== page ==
Unbeknownst to many hedge fund managers, U.S. funds are operating in a complex economic sanctions environment, with serious potential consequences for inadvertent trades in banned securities. The Trump administration imposed sanctions on a list of Chinese companies identified as supporting the Chinese military industrial complex (CMIC). Those sanctions prohibit U.S. persons, including hedge funds, from trading in the securities of “CMIC companies” – even if the securities are offered only on foreign exchanges, such as the Hong Kong Stock Exchange (HKEX). Although the CMIC list continues to grow and additional HKEX-listed securities are becoming subject to sanctions, many U.S. hedge fund managers trading in HKEX securities are not aware of the sanctions or do not understand the scope of the restrictions. Sanctions ban not only direct investments but also trading in derivatives and exchange-traded funds (ETFs) that provide exposure to the sanctioned securities. In an environment of software-managed trading, instant transactions, relentlessly shifting portfolios and little to no see‑through to the composition of ETFs or index funds, how do U.S. hedge fund managers mitigate sanctions risk? This guest article by Lowenstein Sandler attorneys Abbey Baker and Laura Fraedrich reviews the U.S. sanctions regime and sanctions regarding China; examines the sanctions outlook in China and beyond; explains the intersection between hedge funds and sanctions compliance; and discusses the importance of restricted-person screenings. For more insights from Lowenstein Sandler, see “Use of Alternative Data Continues to Grow, Says New Survey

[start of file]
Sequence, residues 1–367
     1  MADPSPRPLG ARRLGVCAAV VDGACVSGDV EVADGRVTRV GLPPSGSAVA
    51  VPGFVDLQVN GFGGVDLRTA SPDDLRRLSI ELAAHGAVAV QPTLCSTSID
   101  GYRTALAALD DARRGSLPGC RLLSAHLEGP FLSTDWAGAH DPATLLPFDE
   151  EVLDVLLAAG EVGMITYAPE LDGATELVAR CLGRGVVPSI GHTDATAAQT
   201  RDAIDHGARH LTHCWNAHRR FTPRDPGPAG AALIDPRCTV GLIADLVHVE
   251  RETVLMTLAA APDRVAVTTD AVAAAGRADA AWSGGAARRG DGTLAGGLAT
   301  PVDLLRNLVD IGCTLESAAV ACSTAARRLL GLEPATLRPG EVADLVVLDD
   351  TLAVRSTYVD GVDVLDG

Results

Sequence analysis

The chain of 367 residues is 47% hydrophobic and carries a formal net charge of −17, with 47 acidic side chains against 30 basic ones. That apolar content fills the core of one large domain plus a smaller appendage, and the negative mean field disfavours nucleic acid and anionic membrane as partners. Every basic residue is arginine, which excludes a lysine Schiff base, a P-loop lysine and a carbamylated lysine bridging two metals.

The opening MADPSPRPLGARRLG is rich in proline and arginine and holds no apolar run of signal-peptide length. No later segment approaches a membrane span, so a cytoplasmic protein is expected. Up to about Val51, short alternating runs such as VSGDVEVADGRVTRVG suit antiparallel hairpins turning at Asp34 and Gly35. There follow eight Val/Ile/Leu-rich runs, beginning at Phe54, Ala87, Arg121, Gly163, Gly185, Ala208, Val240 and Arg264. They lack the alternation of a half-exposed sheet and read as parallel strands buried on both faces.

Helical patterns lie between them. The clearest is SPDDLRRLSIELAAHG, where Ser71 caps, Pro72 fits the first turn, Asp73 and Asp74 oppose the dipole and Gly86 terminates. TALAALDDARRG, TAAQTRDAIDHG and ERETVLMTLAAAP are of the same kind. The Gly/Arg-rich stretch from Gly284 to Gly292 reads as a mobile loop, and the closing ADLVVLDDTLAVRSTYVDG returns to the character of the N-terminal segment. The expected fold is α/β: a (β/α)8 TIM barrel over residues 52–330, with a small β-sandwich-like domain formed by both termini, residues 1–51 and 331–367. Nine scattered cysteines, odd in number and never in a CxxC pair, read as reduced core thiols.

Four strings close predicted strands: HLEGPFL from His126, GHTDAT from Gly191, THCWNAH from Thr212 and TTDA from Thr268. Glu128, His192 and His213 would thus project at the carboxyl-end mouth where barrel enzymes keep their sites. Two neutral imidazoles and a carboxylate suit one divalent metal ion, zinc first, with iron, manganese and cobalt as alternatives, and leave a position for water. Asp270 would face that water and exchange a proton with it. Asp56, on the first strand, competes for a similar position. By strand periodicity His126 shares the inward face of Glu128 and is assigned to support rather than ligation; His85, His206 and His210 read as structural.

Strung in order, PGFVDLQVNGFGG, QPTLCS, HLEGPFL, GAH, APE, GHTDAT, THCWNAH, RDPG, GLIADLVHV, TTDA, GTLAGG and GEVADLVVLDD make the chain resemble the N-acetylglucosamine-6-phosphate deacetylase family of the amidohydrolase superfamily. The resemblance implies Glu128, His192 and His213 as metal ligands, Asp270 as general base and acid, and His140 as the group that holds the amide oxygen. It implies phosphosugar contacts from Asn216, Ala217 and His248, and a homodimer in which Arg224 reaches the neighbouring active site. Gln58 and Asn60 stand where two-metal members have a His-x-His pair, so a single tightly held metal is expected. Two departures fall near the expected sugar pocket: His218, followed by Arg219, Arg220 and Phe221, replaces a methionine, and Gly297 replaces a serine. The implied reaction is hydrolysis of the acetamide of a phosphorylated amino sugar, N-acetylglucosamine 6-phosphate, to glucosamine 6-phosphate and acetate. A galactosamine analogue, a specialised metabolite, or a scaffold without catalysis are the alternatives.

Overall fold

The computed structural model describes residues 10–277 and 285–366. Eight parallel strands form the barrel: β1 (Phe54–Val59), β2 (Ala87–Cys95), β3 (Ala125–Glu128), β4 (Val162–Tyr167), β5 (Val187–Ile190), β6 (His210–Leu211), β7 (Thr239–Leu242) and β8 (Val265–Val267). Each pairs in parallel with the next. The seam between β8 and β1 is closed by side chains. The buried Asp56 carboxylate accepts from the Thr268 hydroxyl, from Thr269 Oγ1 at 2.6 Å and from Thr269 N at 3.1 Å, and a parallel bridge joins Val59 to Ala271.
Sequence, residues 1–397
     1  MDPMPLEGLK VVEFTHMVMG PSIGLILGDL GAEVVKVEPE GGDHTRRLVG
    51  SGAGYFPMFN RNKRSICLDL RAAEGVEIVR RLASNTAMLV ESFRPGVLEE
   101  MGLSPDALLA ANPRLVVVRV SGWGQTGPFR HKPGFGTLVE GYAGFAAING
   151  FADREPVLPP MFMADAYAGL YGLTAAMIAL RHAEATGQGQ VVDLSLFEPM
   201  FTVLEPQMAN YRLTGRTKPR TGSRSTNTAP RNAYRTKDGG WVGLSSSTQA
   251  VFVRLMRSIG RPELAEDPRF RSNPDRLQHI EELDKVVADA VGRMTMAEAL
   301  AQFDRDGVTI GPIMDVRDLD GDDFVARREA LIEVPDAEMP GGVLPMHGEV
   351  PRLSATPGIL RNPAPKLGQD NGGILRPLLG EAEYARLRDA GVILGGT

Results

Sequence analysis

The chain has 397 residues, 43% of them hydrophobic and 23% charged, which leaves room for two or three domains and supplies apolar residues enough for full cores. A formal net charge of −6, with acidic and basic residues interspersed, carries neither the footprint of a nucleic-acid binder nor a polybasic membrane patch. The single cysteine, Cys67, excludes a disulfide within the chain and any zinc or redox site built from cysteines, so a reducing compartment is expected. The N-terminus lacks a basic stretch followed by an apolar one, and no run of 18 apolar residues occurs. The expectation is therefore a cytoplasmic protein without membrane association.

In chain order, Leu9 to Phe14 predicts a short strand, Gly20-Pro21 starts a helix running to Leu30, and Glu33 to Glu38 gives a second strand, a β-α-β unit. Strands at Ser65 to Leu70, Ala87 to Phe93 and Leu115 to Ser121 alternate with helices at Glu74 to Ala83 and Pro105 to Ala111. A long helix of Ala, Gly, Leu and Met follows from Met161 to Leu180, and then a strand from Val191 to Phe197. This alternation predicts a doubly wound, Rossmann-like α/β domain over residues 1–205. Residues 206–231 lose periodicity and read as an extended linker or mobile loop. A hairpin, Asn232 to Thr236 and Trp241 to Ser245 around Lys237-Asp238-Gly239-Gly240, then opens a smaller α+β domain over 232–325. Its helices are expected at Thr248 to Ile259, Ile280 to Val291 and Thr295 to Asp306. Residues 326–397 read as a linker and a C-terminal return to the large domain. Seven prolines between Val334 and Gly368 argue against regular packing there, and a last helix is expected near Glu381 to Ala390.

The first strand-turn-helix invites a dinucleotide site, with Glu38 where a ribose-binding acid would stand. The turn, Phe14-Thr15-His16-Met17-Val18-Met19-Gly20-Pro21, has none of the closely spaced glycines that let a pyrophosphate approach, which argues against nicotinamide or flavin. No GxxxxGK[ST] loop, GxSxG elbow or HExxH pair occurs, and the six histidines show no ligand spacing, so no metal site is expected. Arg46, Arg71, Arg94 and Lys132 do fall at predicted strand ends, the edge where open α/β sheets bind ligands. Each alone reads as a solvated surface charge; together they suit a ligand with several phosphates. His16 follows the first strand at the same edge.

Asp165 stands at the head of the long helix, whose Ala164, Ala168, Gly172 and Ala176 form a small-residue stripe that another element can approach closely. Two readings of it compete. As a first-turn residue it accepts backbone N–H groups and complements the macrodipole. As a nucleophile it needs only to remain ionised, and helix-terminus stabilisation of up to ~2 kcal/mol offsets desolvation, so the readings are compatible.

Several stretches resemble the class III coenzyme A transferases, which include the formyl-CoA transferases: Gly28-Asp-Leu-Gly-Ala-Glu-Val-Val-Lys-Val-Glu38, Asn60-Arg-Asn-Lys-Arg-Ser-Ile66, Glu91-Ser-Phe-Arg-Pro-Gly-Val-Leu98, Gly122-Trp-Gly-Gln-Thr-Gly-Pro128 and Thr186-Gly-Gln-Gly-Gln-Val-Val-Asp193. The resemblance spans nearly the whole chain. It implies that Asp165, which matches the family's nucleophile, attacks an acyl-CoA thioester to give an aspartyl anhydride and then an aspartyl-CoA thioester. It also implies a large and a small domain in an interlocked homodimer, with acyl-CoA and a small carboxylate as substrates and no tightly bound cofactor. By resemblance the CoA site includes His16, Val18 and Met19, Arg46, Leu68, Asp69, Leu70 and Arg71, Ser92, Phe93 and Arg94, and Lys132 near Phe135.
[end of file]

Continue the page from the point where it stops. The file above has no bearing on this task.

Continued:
” (Mar. 2, 2023).